KLIATT - Donna Scanlon
Marillier follows up on the sisters of Wildwood Dancing. Six years have passed since eldest sister Tatiana joined her true love Sorrow in the Other Kingdom, and Paula, the scholarly daughter, is accompanying her father to Istanbul to act as his assistant. His primary interest is in an artifact called Cybele's Gift, a relic of an ancient cult. Paula's father hires a bodyguard for her, a young Bulgarian named Stoyan who accompanies her everywhere, even to the house of Irene of Volos, a Greek scholar who has opened her library to Paula. While perusing the manuscripts, Paula has odd glimpses of messages and people that seem to call to her from the Other Kingdom. She senses that Tatiana, or Tati, is behind these messages and that she is in need of Paula's help. Before long, she, Stoyan, and the charming Portuguese pirate Duarte Aguiar are off on a quest that will take them into the heart of the Other Kingdom, where Paula will find that things are seldom what they seem. Marillier is a master of lucid storytelling, and the narrative here is beautifully written. Paula's first-person narration lends immediacy to the story and gives much more insight into her character than a third-person narrative would. The characters are well drawn, evocative and memorable, and neither characterization nor plot dominates. Rather, they mesh together into an engrossing story with both the hallmarks of folklore and its own fresh perspective. This title is a good pick for any library, especially those with a following for fantasy. Reviewer: Donna Scanlon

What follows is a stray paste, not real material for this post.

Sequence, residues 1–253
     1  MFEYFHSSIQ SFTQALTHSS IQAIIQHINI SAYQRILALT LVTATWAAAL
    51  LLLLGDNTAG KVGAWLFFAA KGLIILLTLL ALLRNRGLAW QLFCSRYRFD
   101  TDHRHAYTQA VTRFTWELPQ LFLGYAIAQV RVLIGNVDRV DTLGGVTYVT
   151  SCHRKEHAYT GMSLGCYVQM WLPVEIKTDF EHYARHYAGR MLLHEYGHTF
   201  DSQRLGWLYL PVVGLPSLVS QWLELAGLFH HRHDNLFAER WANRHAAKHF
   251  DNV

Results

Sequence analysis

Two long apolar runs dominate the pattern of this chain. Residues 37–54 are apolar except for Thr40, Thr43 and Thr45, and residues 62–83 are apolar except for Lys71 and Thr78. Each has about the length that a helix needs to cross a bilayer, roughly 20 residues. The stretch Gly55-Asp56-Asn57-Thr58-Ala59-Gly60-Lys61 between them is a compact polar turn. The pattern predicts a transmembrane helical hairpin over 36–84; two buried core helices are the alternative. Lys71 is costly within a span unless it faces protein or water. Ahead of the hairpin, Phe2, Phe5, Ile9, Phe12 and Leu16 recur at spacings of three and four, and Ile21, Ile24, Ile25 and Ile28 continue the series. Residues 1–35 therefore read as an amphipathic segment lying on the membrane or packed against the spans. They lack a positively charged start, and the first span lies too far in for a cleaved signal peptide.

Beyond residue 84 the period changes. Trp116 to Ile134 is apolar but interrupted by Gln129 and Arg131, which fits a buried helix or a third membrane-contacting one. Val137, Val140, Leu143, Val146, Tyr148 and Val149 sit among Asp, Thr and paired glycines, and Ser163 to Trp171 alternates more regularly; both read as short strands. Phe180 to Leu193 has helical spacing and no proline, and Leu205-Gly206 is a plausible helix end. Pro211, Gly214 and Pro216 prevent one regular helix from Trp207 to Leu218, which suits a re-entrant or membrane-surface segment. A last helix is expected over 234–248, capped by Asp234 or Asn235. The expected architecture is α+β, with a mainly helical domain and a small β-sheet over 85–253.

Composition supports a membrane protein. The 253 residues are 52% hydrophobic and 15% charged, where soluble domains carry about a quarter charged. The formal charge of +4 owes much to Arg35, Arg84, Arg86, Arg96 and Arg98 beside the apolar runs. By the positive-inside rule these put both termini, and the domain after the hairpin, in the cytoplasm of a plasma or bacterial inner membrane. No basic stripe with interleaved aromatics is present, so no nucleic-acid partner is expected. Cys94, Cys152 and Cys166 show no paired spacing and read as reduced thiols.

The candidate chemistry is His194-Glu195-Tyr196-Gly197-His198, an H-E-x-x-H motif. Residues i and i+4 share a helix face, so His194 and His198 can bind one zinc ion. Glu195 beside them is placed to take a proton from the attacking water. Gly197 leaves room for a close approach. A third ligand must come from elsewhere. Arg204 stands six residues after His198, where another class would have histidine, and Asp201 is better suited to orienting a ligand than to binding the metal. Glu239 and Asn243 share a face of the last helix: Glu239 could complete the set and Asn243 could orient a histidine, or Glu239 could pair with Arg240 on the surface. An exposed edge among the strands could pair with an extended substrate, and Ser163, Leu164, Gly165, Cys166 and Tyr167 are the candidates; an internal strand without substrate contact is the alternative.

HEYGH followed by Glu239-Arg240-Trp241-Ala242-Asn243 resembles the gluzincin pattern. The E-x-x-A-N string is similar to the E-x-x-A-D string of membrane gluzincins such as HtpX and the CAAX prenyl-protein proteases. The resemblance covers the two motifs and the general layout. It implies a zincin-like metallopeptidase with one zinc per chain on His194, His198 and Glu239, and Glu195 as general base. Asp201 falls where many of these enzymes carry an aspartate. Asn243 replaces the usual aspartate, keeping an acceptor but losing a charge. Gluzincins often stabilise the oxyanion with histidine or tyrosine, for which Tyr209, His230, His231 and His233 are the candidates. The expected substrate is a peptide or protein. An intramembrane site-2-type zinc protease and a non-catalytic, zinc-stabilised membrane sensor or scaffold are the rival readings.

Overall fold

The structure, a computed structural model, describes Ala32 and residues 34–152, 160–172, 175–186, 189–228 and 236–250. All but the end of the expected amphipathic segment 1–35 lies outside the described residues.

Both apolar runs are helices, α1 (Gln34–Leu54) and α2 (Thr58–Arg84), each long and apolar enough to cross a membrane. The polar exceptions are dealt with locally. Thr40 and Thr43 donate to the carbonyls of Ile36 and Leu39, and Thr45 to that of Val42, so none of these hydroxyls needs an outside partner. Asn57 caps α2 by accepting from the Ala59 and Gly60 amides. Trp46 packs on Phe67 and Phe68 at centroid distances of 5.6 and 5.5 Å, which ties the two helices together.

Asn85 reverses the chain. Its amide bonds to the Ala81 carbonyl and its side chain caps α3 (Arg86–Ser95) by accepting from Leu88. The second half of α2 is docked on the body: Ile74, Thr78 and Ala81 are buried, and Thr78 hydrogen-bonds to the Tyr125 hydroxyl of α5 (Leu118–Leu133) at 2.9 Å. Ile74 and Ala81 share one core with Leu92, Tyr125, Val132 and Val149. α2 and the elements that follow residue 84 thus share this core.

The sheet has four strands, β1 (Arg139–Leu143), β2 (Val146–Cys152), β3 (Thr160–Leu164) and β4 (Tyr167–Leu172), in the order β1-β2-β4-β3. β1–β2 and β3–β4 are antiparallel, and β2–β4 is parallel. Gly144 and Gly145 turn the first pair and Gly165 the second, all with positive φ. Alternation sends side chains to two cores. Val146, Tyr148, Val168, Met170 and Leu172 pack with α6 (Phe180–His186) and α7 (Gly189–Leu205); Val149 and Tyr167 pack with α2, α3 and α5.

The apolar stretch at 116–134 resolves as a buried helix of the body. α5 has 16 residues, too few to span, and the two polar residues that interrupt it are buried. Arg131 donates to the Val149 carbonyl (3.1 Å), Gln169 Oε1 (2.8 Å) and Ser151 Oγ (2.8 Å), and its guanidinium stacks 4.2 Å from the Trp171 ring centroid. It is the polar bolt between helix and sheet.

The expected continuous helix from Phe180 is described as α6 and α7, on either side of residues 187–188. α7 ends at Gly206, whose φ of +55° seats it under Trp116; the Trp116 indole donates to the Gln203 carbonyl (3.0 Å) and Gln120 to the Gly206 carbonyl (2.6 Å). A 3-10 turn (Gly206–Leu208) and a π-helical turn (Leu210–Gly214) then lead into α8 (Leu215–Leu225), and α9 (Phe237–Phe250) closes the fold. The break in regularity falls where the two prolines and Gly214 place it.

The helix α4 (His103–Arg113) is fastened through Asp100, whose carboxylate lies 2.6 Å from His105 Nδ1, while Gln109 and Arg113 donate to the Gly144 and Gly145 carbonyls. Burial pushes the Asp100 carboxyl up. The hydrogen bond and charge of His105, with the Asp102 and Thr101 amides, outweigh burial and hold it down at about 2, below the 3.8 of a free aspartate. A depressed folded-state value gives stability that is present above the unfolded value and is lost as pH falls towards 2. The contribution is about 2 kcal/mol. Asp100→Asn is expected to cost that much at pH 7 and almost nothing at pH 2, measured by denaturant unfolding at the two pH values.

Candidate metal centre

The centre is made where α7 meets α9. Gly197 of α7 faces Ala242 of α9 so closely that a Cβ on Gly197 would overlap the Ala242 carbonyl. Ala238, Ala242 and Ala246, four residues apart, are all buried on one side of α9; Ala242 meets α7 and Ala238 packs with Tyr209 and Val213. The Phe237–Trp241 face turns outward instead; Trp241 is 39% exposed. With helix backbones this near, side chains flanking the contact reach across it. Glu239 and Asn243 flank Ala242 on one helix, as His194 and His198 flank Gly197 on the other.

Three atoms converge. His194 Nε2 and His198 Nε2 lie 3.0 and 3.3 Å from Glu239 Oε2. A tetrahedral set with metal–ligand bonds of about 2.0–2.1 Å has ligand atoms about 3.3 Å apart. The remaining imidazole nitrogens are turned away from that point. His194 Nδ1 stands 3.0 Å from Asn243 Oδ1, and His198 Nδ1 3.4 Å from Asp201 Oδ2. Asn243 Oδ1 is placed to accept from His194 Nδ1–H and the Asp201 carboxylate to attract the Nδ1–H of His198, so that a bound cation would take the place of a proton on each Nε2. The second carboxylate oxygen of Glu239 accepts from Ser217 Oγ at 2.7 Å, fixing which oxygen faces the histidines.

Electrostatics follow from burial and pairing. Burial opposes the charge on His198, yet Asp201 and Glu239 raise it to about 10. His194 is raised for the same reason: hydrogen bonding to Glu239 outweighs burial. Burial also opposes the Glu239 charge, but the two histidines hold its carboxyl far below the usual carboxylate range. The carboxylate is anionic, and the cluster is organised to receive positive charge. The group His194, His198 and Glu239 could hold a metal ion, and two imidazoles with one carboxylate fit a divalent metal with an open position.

Children's Literature - Kathleen Foucart
In this companion to Marillier's 2007 work Wildwood Dancing, Paula takes up the tale of five sisters whose lives intertwine with the Other Kingdom. On a merchant trip to Istanbul with her father, Teodor, Paula begins to notice a mysterious figure clad all in black with eyes the color of her missing sister, Tati's. Upon arrival in the city, Teodor discovers that his long-time business partner was murdered only a few days before, and so Teodor insists on finding his daughter a bodyguard for the duration of their stay. Paula decides to hire Stoyan, a large, intimidating-looking young man who proves determined to keep her safe, but he is not the only man to suddenly enter her life. Duarte, a so-called merchant with more of a pirate's reputation, also has focused his attention on Paula, though Paula suspects it is because he also plans to bid on Cybele's Gift, the mysterious pagan artifact that all the religious authorities in Istanbul are intent on destroying. Soon, Paula, Duarte, and Stoyan find themselves ensnared in events outside their control, and only one thing is certainthe Other Kingdom has something to do with it. Though some parts of the story seem a bit slower, they provide important clues to the exciting conclusion to the story of Cybele's Gift, and patient readers will be rewarded with both a fantastic adventure and a truly romantic tale. Reviewer: Kathleen Foucart